We recently received a question on a lease matter. Please note that readers may direct questions to firstname.lastname@example.org. In our sole discretion, four questions will be answered each month via Facebook update – the reader’s identity will be protected. It is our way of giving back and saying thank you for your loyal support.
Our first question really shocked us. We hope that this answer sheds some light on how to deal with some of the issues lessees (persons who rent apartments/ houses) unfortunately face on a daily basis.
Question and photo received:
“My ‘landlord’ never told the owner of the house that im renting the granny flat next to the house and she showed up and thew all my stuff out on street. Yes it’s illegal I know, but the police cant do anything and the tribunal council wants me to come see them in town whilst evetything is lying outside. Anyone have a solution? No I didnt receive notice or any documentation regarding the illegal surprize eviction. Anyone want to help please?”
Section 26(3) of our Constitution: “No one may be evicted from their home, or have their home demolished, without an order of court made after considering all the relevant circumstances. No legislation may permit arbitrary evictions.”
The disgraceful act of the owner was therefore illegal, as correctly pointed out by Ms X. One understands Ms X’s frustration, as the Rental and Housing Tribunal (RHT)’s mediation of the dispute could take a while to resolve (often up to three months) and the question is… what happens to Ms X and her personal belongings in the meantime?!
Luckily the RHT is in a position to grant Ms X an interdict. An interdict orders someone to act in a certain way (either to do something or not to do something). In this case it will order the owner NOT to evict Ms X and not to throw out her personal belongings. This interdict will be valid for three months pending the outcome of the mediation session and the good news is that Ms X will be able to apply for an extension of this interdict after the expiry of the three months (should the matter remain unresolved). Once the interdict is granted, the Police WILL be in a position to assist should the owner of the property disregard the terms of the interdict.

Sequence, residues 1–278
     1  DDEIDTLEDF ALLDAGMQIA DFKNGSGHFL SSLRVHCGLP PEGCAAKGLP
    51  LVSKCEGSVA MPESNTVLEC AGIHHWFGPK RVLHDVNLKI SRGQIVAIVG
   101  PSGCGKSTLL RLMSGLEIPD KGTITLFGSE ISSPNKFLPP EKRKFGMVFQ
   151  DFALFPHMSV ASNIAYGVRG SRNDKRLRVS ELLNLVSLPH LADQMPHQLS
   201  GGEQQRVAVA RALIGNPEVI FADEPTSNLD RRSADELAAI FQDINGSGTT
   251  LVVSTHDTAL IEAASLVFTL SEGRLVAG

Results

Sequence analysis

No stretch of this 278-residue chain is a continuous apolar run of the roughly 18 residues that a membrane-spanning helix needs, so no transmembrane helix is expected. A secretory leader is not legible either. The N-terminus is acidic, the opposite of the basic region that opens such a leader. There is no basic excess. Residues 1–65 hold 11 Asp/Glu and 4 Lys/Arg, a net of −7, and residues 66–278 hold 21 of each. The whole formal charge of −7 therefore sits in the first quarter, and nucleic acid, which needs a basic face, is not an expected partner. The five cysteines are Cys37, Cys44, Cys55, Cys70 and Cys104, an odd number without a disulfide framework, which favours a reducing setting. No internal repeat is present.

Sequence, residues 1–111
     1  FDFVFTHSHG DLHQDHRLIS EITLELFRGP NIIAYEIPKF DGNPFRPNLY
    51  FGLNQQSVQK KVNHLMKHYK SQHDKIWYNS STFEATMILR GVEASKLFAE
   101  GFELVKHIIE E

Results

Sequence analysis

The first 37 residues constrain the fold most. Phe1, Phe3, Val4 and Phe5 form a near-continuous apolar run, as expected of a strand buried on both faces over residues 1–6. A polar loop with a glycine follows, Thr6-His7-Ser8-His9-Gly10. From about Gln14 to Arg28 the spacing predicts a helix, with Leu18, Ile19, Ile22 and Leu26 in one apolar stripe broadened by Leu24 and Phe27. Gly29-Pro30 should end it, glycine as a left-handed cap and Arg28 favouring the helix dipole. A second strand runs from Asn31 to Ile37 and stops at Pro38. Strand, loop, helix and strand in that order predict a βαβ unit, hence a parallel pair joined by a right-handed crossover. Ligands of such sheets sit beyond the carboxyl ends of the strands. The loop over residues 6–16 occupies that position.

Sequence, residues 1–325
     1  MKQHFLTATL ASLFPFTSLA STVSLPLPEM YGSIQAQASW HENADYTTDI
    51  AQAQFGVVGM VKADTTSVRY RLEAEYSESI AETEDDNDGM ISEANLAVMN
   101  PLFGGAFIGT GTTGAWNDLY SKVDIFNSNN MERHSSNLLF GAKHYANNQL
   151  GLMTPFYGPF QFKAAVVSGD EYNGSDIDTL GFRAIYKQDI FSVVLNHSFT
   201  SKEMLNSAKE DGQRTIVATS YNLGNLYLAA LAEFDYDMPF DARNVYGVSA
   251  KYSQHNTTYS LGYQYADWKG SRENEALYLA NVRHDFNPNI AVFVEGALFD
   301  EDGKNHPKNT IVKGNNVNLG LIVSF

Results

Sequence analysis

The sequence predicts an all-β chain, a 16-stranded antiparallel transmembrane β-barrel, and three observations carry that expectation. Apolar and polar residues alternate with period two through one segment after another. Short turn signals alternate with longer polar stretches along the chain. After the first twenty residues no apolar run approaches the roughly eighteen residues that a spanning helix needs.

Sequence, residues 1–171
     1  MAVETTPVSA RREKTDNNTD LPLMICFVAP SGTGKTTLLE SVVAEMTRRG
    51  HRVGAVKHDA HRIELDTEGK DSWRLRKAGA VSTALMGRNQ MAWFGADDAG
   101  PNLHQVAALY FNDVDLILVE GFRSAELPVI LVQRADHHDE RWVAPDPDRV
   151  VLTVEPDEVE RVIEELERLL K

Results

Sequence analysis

As for Ms X’s personal belongings, we advise that Ms X tries to safely store her personal belongings with a friend or a facility – at the owner’s expense of course! Should any of her personal belongings be harmed or go missing during the time it was outside, and Ms X can prove same, Ms X also has a claim for damages against the owner of the property.
In Afrikaans there is a maxim ‘‘huur gaat voor koop’ which means that lessees may complete the term of their lease agreement regardless of a new owner/ lessor.
Note that the RHT is a free service available to all lessees and you can locate the provincial office closest to you by contacting 011 355 4000. You may notify the RHT of a dispute you have with your lessor/ landlord by completing and submitting a RHT complaint form. A file will then be opened and a case number assigned. Both parties (the lessee and lessor/ landlord) will receive the date, time and place of the mediation session that follows.
We wish you all the best and hope that you found this article useful.